"1. The Isle of Man TT began in 1907, after a law was cleared in 1904 that allowed roads to be closed for the Gordon Bennett car trials. 2. When the race first started practice sessions used to take place in the early morning "
An interview with superstar freestyle stunt rider, Mattie Griffin
We chat to incredibly talented rider Mattie Griffin about his freestyle stunt bike shows
Mattie Griffin is one of the most talented motorcyclists to come out of Ireland and is one of the most well-known and liked performers on the international motorcycle stunt riding circuit. He recently took a few minutes out from his hectic schedule to sit down with Dave Humphreys and give an insight into the world of two-wheel acrobatics.
DH: What first got you into bikes?
MG: Going right back to when we were kids, my dad had a car scrapyard, so we were always driving stuff there; car, vans, trucks, forklifts, anything with wheels and an engine. Then at one stage, a motorcycle came in to be repaired. I remember it, it was an old RM250 that I couldn’t reach the ground, even if I’d had stilts on. But I could reach the clutch, and I could reach the foot peg, so pushed myself away, let out the clutch, got one foot on the peg and threw my leg over the saddle and from there on I was riding bikes. I was only eight or nine at that stage, but I’ve just been two-wheels mad ever since I was a kid.
DH: At what point did you start doing tricks and think to yourself, I could be good at this?
MG: Two things stand out on my way to stunt riding. The first was that I always had an interest in trials riding, like climbing the rocks and getting out there. I liked motocross too, but in Ireland back then there weren’t many places to go. You were either making noise or tearing up the ground, so I would get thrown out of anywhere I went. But trials was perfect, it was enjoyable, I liked it, and from there I suppose I remember seeing Chris Pfeiffer, who at that time was number one in the world and I saw that he rode a trials bike. I watched him one time and looked at the tricks he was doing, and I just thought to myself ‘I could do those tricks.’ So I went out, and within weeks I was doing them, and up at a good level. Then a guy who I didn’t know at the time but has since become a good friend, Dave Hanno from Mayo, was into stunt riding at the time and he came up with his bike, and I asked could I try it. So I stuck on my helmet and had a bit of a play around in an industrial estate and picked it up pretty quick. He pushed me a lot then to get a stunt bike and start entering competitions.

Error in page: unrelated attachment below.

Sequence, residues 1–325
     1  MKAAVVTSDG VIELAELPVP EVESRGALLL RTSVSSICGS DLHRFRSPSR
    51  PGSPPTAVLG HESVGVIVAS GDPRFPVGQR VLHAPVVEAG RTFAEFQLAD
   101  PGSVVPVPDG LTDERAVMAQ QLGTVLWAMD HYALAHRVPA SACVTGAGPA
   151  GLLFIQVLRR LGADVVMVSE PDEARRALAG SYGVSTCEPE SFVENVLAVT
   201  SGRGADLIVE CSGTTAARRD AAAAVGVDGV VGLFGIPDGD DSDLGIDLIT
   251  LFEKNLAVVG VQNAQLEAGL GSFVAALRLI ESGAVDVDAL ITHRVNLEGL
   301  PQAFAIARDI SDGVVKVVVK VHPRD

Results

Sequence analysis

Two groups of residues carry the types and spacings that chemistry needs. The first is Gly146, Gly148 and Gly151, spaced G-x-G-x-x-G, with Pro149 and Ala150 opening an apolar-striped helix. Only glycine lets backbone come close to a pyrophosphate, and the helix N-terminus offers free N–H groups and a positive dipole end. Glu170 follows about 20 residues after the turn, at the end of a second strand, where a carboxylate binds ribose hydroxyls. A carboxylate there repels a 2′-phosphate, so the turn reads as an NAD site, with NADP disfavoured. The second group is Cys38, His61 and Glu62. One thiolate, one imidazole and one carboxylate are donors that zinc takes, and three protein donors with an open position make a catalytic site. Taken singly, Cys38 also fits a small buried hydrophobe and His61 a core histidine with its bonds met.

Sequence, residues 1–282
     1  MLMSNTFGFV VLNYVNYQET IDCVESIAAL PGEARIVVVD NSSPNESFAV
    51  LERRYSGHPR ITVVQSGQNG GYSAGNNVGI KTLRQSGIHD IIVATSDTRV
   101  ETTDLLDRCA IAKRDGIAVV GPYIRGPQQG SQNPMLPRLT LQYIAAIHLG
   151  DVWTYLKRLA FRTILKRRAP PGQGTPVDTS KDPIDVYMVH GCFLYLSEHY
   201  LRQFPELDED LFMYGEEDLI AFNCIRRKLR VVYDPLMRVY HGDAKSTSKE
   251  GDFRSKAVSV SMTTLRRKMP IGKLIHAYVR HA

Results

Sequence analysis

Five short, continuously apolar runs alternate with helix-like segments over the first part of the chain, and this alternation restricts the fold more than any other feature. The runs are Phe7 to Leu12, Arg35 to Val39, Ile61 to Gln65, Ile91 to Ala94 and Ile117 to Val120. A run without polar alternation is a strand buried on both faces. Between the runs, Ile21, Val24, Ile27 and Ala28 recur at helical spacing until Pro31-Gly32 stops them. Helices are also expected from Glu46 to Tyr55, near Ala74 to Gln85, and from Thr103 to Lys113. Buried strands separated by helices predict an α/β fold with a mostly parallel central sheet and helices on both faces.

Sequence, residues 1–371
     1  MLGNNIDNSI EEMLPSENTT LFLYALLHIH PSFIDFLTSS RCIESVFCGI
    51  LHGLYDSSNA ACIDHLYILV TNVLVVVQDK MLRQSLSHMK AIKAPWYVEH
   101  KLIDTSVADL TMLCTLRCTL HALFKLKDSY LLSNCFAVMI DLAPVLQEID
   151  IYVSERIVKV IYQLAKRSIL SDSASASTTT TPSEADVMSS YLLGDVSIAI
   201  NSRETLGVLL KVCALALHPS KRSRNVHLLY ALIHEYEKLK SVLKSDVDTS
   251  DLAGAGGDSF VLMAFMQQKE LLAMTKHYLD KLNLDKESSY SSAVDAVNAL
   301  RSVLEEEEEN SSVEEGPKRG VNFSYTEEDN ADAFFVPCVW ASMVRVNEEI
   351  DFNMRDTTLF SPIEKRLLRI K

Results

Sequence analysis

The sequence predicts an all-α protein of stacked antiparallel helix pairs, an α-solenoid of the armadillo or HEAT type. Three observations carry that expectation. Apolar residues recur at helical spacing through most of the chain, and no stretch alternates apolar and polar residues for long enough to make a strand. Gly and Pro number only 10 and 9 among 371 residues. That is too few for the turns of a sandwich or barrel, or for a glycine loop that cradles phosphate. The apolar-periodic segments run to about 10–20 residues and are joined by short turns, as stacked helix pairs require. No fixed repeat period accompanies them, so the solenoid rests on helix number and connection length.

From there, the first competition I entered was in Ireland. I had only been riding for about six months, but I won. Then it was straight into the deep end, as I went on to the world championships in the Czech Republic about a year later and did quite well at that too, and then I just excelled at it.
DH: When it got that point how did you begin to improve on that?
MG: I practised, practised, and practised. I would go to bed at night and lay down, and my mind would start going. What if I added this trick to that cooler trick, what if that burnout I did sitting facing forward I did sitting backwards. I was just constantly working on improving tricks. Sometimes I’d see another rider do the trick where they might have done a wheelie with one leg over the handlebars and the other one around his head; then I’ll try it with my two legs around my head, that kind of thing.